FBI director says police scrutiny has hurt public safety

The FBI’s top official now says criticism of police officers — the so-called Ferguson effect — is linked to an increase in violent crime.

FBI Director James Comey spoke Friday at the University of Chicago Law School, embracing a theory echoed by many in law enforcement across the country. Linking scrutiny of law enforcement to crime is controversial because it is based on anecdotal evidence rather than data.

In essence, police say they are less effective because they fear public outcry and appearances on YouTube.

Comey’s remarks put him at odds with the Justice Department, which houses the FBI, and has been a major driver of reform efforts aimed at police officers, including in Ferguson, Mo., where Michael Brown was shot dead by police officer Darren Wilson.

According to The New York Times:

“I don’t know whether that explains it entirely, but I do have a strong sense that some part of the explanation is a chill wind that has blown through American law enforcement over the last year,” Mr. Comey said in a speech at the University of Chicago Law School.

At the same time, Comey acknowledges a lack of data to back his statement.

In a recent closed-door session in Washington, D.C., top law enforcement officials and leaders from several U.S. cities complained that scrutiny of police has hurt morale and made officers “pull back” in enforcement, as Chicago Mayor Rahm Emanuel characterized the phenomenon.

Violent crime has increased in several U.S. cities, but Comey at the time highlighted the lack of data to explain why, according to The Washington Post, which had a reporter in the room.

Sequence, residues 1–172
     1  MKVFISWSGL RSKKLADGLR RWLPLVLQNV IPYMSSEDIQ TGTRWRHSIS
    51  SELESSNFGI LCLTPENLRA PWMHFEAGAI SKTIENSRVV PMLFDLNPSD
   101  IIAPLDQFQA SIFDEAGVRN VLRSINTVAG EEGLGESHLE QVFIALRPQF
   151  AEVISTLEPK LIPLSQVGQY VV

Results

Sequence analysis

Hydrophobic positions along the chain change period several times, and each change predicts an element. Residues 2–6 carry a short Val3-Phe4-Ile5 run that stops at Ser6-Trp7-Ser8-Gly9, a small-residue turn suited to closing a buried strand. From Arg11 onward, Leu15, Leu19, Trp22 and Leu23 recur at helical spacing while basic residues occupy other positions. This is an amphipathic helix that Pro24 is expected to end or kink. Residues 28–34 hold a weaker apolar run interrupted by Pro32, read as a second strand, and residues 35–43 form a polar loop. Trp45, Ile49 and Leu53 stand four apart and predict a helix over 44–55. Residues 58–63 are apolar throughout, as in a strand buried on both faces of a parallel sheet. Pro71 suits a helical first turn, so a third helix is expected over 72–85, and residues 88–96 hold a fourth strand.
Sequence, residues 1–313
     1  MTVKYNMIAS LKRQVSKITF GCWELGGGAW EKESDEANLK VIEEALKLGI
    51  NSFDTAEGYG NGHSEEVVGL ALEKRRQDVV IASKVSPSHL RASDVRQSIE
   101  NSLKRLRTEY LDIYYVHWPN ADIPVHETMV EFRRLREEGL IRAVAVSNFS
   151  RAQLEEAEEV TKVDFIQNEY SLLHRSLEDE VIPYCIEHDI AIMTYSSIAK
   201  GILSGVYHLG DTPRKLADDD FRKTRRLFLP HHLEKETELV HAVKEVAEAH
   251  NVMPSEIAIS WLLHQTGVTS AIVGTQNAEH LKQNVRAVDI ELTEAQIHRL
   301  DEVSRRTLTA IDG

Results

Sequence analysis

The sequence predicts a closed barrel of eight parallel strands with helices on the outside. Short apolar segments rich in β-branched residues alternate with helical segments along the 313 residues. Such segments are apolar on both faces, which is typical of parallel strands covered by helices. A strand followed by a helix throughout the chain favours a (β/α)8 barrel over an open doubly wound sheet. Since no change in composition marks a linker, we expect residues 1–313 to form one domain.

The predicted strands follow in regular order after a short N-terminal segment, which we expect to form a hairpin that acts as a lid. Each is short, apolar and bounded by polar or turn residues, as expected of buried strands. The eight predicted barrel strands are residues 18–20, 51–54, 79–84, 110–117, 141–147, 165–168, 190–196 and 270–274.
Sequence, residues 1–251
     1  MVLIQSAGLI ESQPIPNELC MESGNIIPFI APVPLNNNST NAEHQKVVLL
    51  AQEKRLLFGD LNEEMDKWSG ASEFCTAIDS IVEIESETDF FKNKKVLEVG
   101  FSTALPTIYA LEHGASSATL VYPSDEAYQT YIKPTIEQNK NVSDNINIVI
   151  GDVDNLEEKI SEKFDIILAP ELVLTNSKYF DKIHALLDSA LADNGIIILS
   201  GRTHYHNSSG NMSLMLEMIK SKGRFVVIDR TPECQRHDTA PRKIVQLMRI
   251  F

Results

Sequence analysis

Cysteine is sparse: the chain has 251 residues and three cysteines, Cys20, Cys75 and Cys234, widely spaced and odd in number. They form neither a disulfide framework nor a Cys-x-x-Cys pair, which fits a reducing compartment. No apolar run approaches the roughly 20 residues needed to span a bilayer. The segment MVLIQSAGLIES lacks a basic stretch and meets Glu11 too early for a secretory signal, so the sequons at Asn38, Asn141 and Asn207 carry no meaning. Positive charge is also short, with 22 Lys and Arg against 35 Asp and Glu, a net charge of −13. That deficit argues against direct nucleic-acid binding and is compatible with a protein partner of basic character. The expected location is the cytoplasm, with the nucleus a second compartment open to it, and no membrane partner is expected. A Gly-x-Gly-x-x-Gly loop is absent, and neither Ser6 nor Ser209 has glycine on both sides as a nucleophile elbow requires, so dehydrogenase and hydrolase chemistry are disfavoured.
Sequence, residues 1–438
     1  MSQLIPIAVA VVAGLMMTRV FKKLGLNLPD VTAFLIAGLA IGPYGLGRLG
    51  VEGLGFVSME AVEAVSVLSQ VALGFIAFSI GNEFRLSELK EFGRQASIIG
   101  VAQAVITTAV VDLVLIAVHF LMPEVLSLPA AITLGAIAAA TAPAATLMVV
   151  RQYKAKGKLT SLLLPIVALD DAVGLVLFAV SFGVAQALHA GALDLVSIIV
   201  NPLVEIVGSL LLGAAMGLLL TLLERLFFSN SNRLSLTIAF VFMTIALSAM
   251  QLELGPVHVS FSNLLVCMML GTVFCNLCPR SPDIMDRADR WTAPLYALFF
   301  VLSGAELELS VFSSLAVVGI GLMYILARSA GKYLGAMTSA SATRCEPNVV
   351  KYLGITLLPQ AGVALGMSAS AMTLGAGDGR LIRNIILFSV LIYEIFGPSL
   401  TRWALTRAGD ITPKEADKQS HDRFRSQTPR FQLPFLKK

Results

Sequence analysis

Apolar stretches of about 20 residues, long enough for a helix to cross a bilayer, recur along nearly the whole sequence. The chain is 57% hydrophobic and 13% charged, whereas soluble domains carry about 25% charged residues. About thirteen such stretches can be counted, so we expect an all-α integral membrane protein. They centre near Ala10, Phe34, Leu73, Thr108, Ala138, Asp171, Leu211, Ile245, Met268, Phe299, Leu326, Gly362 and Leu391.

“We stare at the math, and stare at change in cities that seem to have nothing in common with one another,” Comey said in that meeting, according to the Post.

YouTube videos can quickly send controversial incidents worldwide. Killings of citizens — sometimes unarmed — by police now routinely draw public outrage. However, determining whether officers acted inappropriately is a complicated matter, particularly since they are legally given the power to use deadly force if they feel threatened.

Since Brown’s August 2014 death, the use of deadly force by police has been the subject of ongoing national debate. The Justice Department, which enforces civil rights violations, has been squarely in the middle of calls for reform.

According to the Post, roughly 5 percent of the year’s deadly police shootings are the type that draw protest. The others involved armed individuals who are violent or making threats.

However, explaining spikes in crime is extremely difficult. Crime occurs for numerous reasons and can vary greatly from year to year. Shootings may spike, but homicides may not; it all depends on if someone is hit and killed.

According to the Times:

In Oakland, Calif., for example, homicides are on the rise after two years of decline. But shootings are down, and the overall crime rate is about the same, said Oakland’s police chief, Sean Whent. “Our officers are very, very sensitive to the climate right now, but I haven’t seen any evidence to say our officers aren’t doing their jobs,” Chief Whent said.

In Washington, homicides are also up, but violent crime and crime overall are down, said Lt. Sean Conboy, a police spokesman. “Trying to correlate it to a Ferguson effect, I don’t believe is appropriate,” Lieutenant Conboy said.

In Pittsburgh, police officials have been explicit about the need to improve the relationship between the community and law enforcement, embracing the use of body cameras to increase transparency and community policing to be sure officers are seen as a positive force in the community.

The bureau has welcomed help from the Justice Department to improve community policing and efforts to solve homicides. In other words, the bureau is hoping to use stronger community relationships to improve public safety.

Reach Jeffrey Benzing at 412-315-0265 or at jbenzing@publicsource.org. Follow him on Twitter @jabenzing.